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Differential Tissue Fatty Acids Profiling between Colorectal Cancer Patients with and without Synchronous Metastasis

1
Laboratory of Nutritional Biochemistry, National Institute of Gastroenterology-Research Hospital, Via Turi, 27, 70013 Castellana Grotte, Bari, Italy
2
Division of Surgery, National Institute of Gastroenterology-Research Hospital, Via Turi, 27, 70013 Castellana Grotte, Bari, Italy
3
Clinical Trial Unit, National Institute of Gastroenterology-Research Hospital, Via Turi, 27, 70013 Castellana Grotte, Bari, Italy
4
Scientific Direction, National Institute of Gastroenterology-Research Hospital“S. de Bellis”, Via Turi, 27, 70013 Castellana Grotte, Bari, Italy
*
Author to whom correspondence should be addressed.
Int. J. Mol. Sci. 2018, 19(4), 962; https://doi.org/10.3390/ijms19040962
Received: 31 January 2018 / Revised: 12 March 2018 / Accepted: 22 March 2018 / Published: 23 March 2018
(This article belongs to the Special Issue Basic and Translational Research in Colorectal Cancer)
The early detection of colorectal cancer and determination of its metastatic potential are important factors to set up more efficacious therapeutic strategies. In the present study, we hypothesize that fatty acids analysis in colorectal cancer patients can discriminate between metastatic and non-metastatic patients. Fifty-one consecutive patients with histologically proven colorectal cancer were enrolled in the study and the presence of synchronous metastasis was detected in 25 of these 51 patients. Fatty acid profile analysis in red blood cell membranes was not able to discriminate the metastatic colorectal cancer patients from those without metastasis. However, significant differences in the tumor tissue fatty acid profile were found in metastatic cancer patients when compared to patients without metastasis. Metastatic patients showed significantly lower percentages of Eicosapentaenoic acid (EPA) and higher levels of γ-linolenic acid (GLA), a n-3- and n-6-Polyunsaturated fatty acid (PUFA), respectively. Our findings, suggesting that membrane lipid rearrangement could influence the cellular function and make the cell more prone to metastasis, offer the opportunity to develop nutritional strategies that may be helpful in the prevention and treatment of colorectal cancer. View Full-Text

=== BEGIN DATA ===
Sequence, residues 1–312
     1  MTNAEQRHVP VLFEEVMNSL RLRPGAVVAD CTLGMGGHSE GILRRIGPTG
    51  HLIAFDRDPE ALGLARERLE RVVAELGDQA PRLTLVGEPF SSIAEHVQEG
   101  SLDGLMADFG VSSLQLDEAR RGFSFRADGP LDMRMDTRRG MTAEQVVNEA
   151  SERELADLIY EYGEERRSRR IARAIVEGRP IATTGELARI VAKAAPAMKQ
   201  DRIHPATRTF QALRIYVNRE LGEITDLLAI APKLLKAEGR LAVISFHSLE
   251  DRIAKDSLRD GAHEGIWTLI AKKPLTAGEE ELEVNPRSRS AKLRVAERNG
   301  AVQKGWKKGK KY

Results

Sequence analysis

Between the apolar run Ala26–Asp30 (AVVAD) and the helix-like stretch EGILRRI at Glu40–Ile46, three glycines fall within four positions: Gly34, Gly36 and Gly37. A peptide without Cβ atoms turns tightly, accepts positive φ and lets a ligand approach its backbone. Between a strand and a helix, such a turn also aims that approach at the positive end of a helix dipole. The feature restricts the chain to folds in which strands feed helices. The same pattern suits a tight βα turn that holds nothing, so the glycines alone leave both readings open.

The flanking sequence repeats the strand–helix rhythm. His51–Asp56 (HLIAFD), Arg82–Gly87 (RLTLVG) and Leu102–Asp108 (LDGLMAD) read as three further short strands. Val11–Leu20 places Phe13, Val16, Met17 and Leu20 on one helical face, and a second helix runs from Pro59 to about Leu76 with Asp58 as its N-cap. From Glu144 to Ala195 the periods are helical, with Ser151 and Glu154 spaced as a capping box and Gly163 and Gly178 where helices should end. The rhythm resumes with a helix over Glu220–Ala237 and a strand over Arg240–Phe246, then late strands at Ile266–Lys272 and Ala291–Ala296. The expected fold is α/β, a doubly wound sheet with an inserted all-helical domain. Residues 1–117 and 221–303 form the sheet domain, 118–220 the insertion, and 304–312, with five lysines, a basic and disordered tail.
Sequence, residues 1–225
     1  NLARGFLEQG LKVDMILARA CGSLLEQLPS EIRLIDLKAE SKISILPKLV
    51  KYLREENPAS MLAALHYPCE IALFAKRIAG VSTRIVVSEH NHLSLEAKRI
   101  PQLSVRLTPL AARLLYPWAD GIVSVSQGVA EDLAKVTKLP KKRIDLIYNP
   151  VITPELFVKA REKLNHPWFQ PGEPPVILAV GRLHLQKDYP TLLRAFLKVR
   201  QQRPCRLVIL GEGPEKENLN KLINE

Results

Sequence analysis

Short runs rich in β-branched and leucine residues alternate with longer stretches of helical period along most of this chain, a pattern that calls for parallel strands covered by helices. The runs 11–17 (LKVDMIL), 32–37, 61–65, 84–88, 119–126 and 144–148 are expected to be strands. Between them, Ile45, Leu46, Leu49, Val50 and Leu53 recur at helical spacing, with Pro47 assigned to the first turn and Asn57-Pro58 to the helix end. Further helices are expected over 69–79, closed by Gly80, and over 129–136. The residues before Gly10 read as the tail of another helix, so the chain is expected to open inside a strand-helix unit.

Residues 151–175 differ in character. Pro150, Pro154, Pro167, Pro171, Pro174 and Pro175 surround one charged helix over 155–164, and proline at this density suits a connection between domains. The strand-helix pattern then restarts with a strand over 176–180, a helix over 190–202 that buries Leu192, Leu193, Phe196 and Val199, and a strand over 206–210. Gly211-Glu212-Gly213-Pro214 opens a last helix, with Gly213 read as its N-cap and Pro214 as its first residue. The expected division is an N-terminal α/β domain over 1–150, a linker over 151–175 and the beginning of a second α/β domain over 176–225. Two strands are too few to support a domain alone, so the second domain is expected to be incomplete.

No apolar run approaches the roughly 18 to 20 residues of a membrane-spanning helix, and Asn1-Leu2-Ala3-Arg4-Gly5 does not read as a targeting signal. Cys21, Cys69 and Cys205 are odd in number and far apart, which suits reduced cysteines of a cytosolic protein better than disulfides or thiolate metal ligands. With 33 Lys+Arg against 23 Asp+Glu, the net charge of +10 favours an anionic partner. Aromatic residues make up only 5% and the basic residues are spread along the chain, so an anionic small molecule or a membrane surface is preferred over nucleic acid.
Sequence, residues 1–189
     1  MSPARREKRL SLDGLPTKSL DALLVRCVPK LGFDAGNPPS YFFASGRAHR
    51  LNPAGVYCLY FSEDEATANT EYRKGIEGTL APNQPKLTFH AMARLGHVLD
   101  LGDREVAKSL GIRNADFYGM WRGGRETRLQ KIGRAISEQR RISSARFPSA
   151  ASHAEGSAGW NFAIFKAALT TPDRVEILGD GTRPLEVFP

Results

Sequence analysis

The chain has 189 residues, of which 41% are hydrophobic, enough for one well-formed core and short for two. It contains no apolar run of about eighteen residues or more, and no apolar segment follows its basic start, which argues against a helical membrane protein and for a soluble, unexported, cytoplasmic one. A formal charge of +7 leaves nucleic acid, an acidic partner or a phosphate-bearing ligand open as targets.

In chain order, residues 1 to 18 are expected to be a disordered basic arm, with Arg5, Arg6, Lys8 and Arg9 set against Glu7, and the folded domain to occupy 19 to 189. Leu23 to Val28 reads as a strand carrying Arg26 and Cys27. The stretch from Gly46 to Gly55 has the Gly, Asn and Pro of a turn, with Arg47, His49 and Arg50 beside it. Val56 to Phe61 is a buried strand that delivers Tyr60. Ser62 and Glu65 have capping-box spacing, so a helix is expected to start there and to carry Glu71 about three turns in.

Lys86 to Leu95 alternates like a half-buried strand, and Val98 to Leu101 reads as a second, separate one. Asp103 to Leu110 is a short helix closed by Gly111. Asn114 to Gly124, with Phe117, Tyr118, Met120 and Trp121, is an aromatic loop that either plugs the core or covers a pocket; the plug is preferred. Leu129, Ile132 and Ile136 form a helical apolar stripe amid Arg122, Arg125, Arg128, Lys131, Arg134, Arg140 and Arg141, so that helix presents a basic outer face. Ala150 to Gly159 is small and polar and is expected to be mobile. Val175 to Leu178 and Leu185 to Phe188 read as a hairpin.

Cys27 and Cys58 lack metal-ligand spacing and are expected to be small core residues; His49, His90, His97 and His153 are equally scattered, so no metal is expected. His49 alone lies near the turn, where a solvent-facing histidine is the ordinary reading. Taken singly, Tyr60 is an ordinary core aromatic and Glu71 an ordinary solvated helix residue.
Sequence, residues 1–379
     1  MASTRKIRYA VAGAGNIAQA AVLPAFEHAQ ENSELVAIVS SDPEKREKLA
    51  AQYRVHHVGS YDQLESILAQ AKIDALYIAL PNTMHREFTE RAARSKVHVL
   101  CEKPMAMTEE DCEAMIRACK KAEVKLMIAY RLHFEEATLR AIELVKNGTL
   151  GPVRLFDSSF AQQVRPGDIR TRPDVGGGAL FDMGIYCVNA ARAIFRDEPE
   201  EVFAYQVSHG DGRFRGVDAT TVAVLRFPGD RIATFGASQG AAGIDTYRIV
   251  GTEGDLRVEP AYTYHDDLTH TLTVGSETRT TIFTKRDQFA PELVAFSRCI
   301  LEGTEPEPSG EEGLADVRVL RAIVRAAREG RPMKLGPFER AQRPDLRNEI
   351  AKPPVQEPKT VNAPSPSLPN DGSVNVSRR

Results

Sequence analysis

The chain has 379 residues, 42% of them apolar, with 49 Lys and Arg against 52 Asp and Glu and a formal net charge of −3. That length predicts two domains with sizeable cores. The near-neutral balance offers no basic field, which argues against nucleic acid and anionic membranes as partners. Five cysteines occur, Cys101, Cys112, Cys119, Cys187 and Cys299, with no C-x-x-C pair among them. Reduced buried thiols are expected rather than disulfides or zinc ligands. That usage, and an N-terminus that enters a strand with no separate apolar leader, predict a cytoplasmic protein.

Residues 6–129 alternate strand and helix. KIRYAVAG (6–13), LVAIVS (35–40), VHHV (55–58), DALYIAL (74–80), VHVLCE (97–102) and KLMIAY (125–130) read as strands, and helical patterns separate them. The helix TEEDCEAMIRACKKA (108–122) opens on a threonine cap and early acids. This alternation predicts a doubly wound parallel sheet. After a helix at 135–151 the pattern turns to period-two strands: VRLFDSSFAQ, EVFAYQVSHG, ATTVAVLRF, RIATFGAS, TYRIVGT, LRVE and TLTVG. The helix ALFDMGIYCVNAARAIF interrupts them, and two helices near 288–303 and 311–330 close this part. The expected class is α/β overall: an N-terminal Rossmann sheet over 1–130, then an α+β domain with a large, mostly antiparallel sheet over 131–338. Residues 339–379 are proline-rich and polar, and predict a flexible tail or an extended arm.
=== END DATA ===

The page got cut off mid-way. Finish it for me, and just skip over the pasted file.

Keywords: colon cancer; metastasis; lipidomic analysis; fatty acids colon cancer; metastasis; lipidomic analysis; fatty acids
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Notarnicola, M.; Lorusso, D.; Tutino, V.; De Nunzio, V.; De Leonardis, G.; Marangelli, G.; Guerra, V.; Veronese, N.; Caruso, M.G.; Giannelli, G. Differential Tissue Fatty Acids Profiling between Colorectal Cancer Patients with and without Synchronous Metastasis. Int. J. Mol. Sci. 2018, 19, 962.

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